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Nutrition mapping in Tanzania: an exploratory analysis

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  • Simler, Kenneth R.

Abstract

"For effective decisionmaking, policymakers and program managers often need detailed information about the welfare of the population, including knowledge about which specific areas are most affected by poverty and undernutrition. Household sample surveys are an important source of information, yet because the typical sample size is only a few thousand observations, the information is only useful for inferences at high levels of aggregation, such as the nation or large regional units. In contrast, data sources with wider coverage, such as national censuses, rarely capture detailed information on welfare levels. Recently small-area estimation techniques have been applied to the study of poverty to produce estimates of poverty, or poverty maps, for small geographic units. This paper uses household survey and unit record census data from Tanzania to explore the possibility of applying small-area estimation methods to the study of children's nutritional status as measured by anthropometry. Overall, undernutrition models have had lower explanatory power than poverty models, which has important implications for the precision of the small-area estimates. The analysis finds that applying small-area estimation techniques to anthropometric data is feasible, although the relatively low explanatory power of the regressions does limit both the degree of disaggregation possible and the power to detect significant differences in undernutrition prevalence between districts and subdistricts. In the case of Tanzania, the nutrition mapping approach reveals considerable heterogeneity in nutritional status within regions and within districts. The most striking finding is the much lower levels of undernutrition in areas classified as urban, including relatively small district centers." Authors' Abstract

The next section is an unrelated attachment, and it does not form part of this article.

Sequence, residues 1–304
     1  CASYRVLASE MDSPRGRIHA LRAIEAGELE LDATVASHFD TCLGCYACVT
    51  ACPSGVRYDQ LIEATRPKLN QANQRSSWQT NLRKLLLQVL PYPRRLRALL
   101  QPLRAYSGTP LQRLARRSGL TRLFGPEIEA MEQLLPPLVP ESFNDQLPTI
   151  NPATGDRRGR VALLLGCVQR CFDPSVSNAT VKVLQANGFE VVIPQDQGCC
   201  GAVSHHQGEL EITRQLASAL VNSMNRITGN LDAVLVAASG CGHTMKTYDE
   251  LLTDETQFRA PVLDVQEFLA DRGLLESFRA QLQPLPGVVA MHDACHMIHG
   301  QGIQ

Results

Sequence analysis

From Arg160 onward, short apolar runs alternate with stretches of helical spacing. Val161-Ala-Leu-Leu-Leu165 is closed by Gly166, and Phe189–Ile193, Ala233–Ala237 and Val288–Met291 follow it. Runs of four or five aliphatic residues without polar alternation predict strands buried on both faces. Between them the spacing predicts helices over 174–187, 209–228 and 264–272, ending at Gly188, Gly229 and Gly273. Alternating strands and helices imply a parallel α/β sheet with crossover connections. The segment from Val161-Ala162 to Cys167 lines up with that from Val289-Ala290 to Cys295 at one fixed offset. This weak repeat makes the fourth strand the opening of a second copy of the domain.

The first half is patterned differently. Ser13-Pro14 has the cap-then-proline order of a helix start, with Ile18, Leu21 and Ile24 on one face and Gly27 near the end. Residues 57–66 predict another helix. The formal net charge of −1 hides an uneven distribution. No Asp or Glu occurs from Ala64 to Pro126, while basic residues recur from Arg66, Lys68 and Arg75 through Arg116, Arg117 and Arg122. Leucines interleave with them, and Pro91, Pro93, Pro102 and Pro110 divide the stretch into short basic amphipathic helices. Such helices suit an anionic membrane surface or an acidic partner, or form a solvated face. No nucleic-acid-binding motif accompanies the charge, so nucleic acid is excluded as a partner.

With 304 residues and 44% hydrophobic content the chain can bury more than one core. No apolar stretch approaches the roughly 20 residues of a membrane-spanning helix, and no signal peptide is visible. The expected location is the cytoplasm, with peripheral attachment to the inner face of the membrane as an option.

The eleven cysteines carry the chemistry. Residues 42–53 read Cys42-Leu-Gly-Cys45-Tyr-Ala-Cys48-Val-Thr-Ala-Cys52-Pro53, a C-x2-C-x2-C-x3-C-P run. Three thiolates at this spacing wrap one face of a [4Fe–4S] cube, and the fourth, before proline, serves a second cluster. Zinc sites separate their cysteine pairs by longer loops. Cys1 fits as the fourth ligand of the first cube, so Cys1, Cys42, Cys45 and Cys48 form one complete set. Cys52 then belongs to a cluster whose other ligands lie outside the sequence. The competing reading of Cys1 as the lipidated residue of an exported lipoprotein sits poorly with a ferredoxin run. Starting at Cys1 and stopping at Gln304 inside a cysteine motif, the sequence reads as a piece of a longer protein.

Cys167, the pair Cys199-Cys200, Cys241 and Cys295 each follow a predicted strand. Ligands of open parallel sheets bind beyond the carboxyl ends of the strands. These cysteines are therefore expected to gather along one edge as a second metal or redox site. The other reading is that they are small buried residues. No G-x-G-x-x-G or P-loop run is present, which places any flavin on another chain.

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  • Simler, Kenneth R., 2006. "Nutrition mapping in Tanzania: an exploratory analysis," FCND discussion papers 204, International Food Policy Research Institute (IFPRI).
  • Handle: RePEc:fpr:fcnddp:204
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    Cited by:

    1. Claudio A. Agostini & Philip H. Brown, 2010. "Local Distributional Effects Of Government Cash Transfers In Chile," Review of Income and Wealth, International Association for Research in Income and Wealth, vol. 56(2), pages 366-388, June.
    2. Benson, Todd, 2006. "Insights from poverty maps for development and food relief program targeting: an application to Malawi," FCND briefs 205, International Food Policy Research Institute (IFPRI).
    3. Beatrice Lorge Rogers & James Wirth & Kathy Macías & Parke Wilde, 2007. "Mapping Hunder in Panama: A Report on Mapping Malnutrition Prevalence," Working Papers in Food Policy and Nutrition 35, Friedman School of Nutrition Science and Policy.
    4. Modrego, F. & Celis, X. & Berdegué, J., 2008. "Polarización étnica de los ingresos rurales en el sur de Chile," Working papers 015, Rimisp Latin American Center for Rural Development.
    5. Ecker, Olivier & Mabiso, Athur & Kennedy, Adam & Diao, Xinshen 22905, 2011. "Making agriculture pro-nutrition: Opportunities in Tanzania," IFPRI discussion papers 1124, International Food Policy Research Institute (IFPRI).
    6. Beatrice Lorge Rogers & James Wirth & Kathy Macías & Parke Wilde, 2007. "Mapping Hunder: A Report on Mapping Malnutrition Prevalence in the Dominican Republic, Ecuador, and Panama," Working Papers in Food Policy and Nutrition 34, Friedman School of Nutrition Science and Policy.
    7. Beatrice Lorge Rogers & James Wirth & Kathy Macías & Parke Wilde, 2007. "Mapping Hunger in Ecuador: A Report on Mapping Malnutrition Prevalence," Working Papers in Food Policy and Nutrition 9602, Friedman School of Nutrition Science and Policy.

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    Keywords

    Nutrition mapping; malnutrition; Anthropometry; Small area estimation; Tanzania;

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